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View Diary: Supreme Court, Affordable Care Act: Is the mandate constitutional? (372 comments)

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  •  How about this: (0+ / 0-)

    When did "regulate" come to mean "forced to participate"?

    The mandate is not about regulating interstate commerce.
    It's about forcing people to participate.

    LG: You know what? You got spunk. MR: Well, Yes... LG: I hate spunk!

    by dinotrac on Tue Mar 27, 2012 at 07:02:59 AM PDT

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    •  Finally (4+ / 0-)

      the inactivty/activity argument.

      It took you numerous comment to finally get where you should have started.

      What of the Necessary and Proper Clause?

      •  Yup: "necessary and proper" is the implementation (1+ / 0-)
        Recommended by:
        Clem Yeobright

        ... of the Congressional powers described immediately before that phrase. It is a huge - and understandable - grant of authority: "... To make all Laws which shall be necessary and proper for carrying into Execution the foregoing Powers ..."

        Obama and strong Democratic majorities in 2012!

        by TRPChicago on Tue Mar 27, 2012 at 07:12:30 AM PDT

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    •  There's nothing new in "forced to participate." (1+ / 0-)
      Recommended by:
      Clem Yeobright

      We'll agree some legislation that does that is a lousy idea, but not all legislation.

      Obama and strong Democratic majorities in 2012!

      by TRPChicago on Tue Mar 27, 2012 at 07:07:08 AM PDT

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    •  1942. (1+ / 0-)
      Recommended by:
      Clem Yeobright

      Yup, 70 years ago.  If you doubt it, I suggest you read up on Wickard v. Fillburn.

      Has the past 70 years seen a "parade of horribles" due to this expansive view of the Commerce Clause?  I think not.

      Ultimately, the only thing that matters with respect to preserving choice is who will be nominating the next Supreme Court Justices.

      by Its the Supreme Court Stupid on Tue Mar 27, 2012 at 07:11:52 AM PDT

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    •  You're already participating. (3+ / 0-)
      Recommended by:
      kareylou, uffdalib, Clem Yeobright

      The ACA just makes sure that you don't try to game the system.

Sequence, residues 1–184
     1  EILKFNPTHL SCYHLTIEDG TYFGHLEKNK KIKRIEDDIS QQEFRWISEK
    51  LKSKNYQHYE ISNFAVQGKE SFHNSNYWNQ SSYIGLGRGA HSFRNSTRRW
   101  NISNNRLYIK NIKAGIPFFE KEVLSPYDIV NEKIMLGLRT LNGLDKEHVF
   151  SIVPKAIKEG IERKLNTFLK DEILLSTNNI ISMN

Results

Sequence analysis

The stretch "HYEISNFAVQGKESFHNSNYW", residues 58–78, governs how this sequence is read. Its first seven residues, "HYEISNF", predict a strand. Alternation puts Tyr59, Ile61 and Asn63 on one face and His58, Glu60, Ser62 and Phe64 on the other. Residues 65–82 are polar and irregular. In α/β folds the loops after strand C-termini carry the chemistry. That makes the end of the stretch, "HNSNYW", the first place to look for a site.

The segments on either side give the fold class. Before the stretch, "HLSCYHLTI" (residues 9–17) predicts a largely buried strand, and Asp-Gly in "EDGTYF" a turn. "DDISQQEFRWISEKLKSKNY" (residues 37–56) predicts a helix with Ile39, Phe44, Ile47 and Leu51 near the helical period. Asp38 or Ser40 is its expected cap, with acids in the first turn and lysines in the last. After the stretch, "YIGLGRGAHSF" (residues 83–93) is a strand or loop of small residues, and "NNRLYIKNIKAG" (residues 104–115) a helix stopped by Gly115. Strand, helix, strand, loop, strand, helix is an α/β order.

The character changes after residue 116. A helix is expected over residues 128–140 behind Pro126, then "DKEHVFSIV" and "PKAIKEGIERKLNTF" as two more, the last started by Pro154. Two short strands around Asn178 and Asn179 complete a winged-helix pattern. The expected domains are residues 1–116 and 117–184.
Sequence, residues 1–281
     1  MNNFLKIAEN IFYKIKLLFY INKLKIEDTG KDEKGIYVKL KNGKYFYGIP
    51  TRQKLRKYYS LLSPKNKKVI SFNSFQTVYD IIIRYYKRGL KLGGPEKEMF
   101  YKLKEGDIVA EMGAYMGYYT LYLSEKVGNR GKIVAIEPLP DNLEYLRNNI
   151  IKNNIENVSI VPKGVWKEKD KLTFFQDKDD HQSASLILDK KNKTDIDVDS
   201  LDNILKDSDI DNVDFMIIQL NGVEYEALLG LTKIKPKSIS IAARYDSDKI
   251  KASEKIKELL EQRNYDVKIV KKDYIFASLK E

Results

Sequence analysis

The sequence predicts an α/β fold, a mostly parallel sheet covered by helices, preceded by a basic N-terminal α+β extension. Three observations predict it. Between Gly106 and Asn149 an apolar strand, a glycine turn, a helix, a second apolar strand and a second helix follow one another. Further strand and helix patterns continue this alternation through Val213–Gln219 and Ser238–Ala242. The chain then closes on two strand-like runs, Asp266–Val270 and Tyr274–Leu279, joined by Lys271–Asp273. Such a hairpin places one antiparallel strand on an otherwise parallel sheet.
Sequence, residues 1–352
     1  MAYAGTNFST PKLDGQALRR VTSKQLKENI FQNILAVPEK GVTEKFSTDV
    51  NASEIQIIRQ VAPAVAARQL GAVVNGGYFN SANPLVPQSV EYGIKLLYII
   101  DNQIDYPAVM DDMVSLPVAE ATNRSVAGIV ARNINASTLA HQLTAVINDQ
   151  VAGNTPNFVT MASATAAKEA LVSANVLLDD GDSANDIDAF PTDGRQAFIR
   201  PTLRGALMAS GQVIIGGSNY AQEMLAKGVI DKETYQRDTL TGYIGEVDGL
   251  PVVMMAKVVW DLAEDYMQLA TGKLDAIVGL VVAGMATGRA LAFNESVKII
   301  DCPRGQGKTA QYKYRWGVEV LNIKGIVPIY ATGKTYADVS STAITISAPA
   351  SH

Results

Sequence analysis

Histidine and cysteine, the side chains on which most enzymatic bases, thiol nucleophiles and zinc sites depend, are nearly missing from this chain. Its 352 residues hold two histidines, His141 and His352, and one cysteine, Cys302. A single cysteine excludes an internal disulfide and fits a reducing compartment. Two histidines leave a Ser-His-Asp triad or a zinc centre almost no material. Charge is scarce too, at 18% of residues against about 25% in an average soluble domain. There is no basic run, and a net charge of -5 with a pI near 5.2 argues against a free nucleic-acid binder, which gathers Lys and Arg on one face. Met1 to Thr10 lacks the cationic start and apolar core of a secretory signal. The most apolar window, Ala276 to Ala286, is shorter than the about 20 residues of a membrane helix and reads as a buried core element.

Unless of course, you will never need healthcare - and since I can all but promise you that you will, I'm unsympathetic to your argument.

      You can skip the requirement to carry collision by not driving - but you absolutely cannot skip participating in the health care system.  If the government can require banks to maintain a certain level of capitalization, they can require that you maintain a liquidity hedge against catastrophic illness.

      Your "promise" that you won't get sick, or that you'll just die quietly if you do is not enforceable, so the rest of us (who will end up paying for your inevitable failure) have decided that you WILL carry the hedge.  So suck it up - I'm tired of this fantasy that you're just going to drop out of modern medical care.

      •  My question to those folks (1+ / 0-)
        Recommended by:
        uffdalib

        Were you born in a hospital? Well then too late.
        Besides which, don't I have a right not to live in a society where we step over those writhing on the sidewalks after a heart attack, or driving over bodies of those run down in the streets because they have the special bracelet, or whatever would indicate that they opted out of modern medicine?
        This is not hyperbole. Either these people will be treated, and someone will pay for it, or we are going to let them lie around and perhaps die untreated.
        Time and chance happen to us all. Some people just do not want to accept that.  

        To keep our faces turned toward change, and behave as free spirits in the presence of fate--that is strength undefeatable. (Helen Keller)

        by kareylou on Tue Mar 27, 2012 at 07:52:04 AM PDT

        [ Parent ]

    •  isnt regulation (1+ / 0-)
      Recommended by:
      jam

      pretty much the definition of force?

      OSHA "forces" people to follow certain practices.

      Social Security "forces" people to pay a tax that the government then invests/pools to provide for your retirement.

      Can you name me a regulation that doesn't "force" someone to do something?

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